Aggregatable Metrics

When we talk about aggregatable metrics, we're referring to metrics which can be correctly aggregated over a given period of time. An example would be a custom metric to calculate cost plus VAT (cost x 1.2). We'll call this metric "Cost incl. VAT".

This metric can be summed up over a given number of days. (The calculated metric is visualised to the left, the calculation to the right):

Jan 01: Cost incl. VAT = 12                        (10 (cost) x 1.2 (VAT))
Jan 02: Cost incl. VAT = 15,6                    (13 (cost) x 1.2 (VAT))
Jan 03: Cost incl. VAT = 13,2                    (11 (cost) x 1.2 (VAT))

Jan 01 - 03: Cost incl. VAT = 40,8             (12 + 15,6 + 13,2) - Correct (Total per day)
Jan 01 - 03: Cost incl. VAT = 40,8             ((10 + 13 + 11) x 1.2) - Correct (Total per period)

Non Aggregatable Metrics

Non aggregatable metrics are metrics which cannot be summed up correctly over a given period of time. An example would be CPC (Cost per Click).

Jan 01: Cost per Click = 12                         (120 (cost) / 10 (clicks))
Jan 02: Cost per Click = 5,71                     (200 (cost) / 35 (clicks))
Jan 03: Cost per Click = 10                        (60 (cost) / 6 (clicks))

Jan 01 - 03: Cost per Click = 9,23             ((12 + 5,71 + 10) / 3) - Incorrect (Total per day)
Jan 01 - 03: Cost per Click = 7,4                ((120 + 200 + 60) / (10 + 35 + 6)) - Correct (Total per period)

Unique Metrics

These metrics are usually primarily tied to a unique user across time such as Reach and Frequency. This means that calculating such a metric will have to take one or more unique users and how they relate to that timespan into account. Let's look at an example of the difference between a unique and an aggregatable metric. 

You're running a campaign called 'My Campaign', in which you have included several ads. A user gets presented with one of your ads on a Monday and clicks it. The platform recognises the click and adds one click to the "number of clicks". The platform also recognises the unique user (most often by the help of cookies) and also adds one unique click to the "number of unique clicks". On Tuesday, the same user sees your ad again and clicks it once more. Now the platform you used to display your campaign and ad can present you with the following statistics:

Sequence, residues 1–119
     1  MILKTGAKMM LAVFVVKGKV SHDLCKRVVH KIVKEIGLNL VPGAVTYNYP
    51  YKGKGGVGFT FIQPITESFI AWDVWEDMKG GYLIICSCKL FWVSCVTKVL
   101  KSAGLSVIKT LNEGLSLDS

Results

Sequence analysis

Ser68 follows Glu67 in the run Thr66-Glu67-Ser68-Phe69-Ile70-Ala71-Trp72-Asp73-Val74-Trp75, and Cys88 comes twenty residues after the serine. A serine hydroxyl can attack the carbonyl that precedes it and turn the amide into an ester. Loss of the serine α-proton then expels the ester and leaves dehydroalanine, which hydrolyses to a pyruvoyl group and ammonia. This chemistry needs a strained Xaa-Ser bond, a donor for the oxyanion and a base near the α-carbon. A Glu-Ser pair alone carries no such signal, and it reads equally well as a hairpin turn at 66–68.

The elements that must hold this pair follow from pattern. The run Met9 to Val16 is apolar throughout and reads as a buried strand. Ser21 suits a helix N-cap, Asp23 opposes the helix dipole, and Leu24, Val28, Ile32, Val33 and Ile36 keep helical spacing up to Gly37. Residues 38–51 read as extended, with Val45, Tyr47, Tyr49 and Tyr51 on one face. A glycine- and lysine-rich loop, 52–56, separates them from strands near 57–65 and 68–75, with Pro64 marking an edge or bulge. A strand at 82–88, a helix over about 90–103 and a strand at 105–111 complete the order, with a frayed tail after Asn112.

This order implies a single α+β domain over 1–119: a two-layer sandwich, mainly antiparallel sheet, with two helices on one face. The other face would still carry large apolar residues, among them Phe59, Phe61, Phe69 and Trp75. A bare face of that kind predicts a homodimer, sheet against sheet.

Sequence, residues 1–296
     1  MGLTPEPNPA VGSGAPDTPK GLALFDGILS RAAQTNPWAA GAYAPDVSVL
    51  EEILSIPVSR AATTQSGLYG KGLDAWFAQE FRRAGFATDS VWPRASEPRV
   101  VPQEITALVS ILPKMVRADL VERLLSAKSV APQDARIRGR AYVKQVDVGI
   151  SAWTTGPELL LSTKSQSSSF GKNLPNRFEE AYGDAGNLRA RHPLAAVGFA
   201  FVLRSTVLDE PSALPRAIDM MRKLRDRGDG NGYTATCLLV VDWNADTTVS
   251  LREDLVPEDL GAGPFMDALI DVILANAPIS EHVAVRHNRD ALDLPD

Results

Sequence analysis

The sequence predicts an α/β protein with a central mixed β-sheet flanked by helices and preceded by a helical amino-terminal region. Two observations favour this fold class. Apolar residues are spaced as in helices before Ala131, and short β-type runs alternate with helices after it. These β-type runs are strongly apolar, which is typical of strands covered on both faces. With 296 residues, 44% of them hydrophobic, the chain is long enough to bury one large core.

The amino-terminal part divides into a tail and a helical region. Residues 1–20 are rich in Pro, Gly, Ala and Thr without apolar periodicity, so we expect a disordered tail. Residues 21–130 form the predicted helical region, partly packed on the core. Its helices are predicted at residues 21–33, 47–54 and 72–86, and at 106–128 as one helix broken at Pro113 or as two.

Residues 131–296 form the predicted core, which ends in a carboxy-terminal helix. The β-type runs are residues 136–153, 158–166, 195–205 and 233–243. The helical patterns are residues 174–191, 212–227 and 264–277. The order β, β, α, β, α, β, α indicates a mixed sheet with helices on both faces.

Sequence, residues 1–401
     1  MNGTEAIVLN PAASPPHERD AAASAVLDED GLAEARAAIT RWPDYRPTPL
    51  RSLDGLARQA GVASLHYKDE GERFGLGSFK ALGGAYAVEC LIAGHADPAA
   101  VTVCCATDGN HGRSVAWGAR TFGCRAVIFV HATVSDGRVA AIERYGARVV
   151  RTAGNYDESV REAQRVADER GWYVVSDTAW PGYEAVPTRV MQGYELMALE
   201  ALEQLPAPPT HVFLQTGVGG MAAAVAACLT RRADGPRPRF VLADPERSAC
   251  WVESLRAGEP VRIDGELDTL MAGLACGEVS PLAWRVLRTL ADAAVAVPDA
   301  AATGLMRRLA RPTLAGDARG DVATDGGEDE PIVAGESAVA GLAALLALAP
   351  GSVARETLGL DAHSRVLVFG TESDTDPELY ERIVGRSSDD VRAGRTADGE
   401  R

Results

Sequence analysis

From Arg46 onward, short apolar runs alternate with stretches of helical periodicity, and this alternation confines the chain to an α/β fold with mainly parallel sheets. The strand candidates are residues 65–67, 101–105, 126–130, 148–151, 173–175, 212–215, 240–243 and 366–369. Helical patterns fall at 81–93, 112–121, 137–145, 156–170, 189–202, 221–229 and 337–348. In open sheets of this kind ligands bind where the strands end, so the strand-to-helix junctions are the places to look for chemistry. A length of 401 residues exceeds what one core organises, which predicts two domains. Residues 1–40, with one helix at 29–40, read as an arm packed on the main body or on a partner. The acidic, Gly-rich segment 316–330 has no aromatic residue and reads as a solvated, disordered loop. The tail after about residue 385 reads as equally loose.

Monday
No. Clicks: 1
No. Unique clicks: 1

Tuesday
No. Clicks: 1
No. Unique clicks: 1

Monday & Tuesday
No. Clicks: 2
No. Unique clicks: 1

Keep in mind that the platform is able to present the number of Unique clicks for the two days (Monday to Tuesday) with the help of the platform's own cookie tracking. Funnel, on the other hand, has no possibility to relate the unique clicks to platform specific cookies. Instead, it is built to import both the regular Clicks and Unique clicks segmented by day and thereafter store them in a database. 

This means that when requesting stats for the time period Monday to Tuesday we would show 2 regular Clicks, as well as 2 Unique clicks. (Remember: we store the metric values per day and aggregate them when looking at longer time periods, without the knowledge of what click that belongs to what user, just which dates they occurred on). 

Not only would unique metrics in Funnel include inaccurate values when looking at multiple days, but also when observing the performance of several campaigns (or any other dimensions such as affiliate, campaign, ad set, etc.) at once. This is because a user could have seen ads from multiple campaigns, something the advertising platform would be able to recognise thanks to their user data, but not Funnel. 

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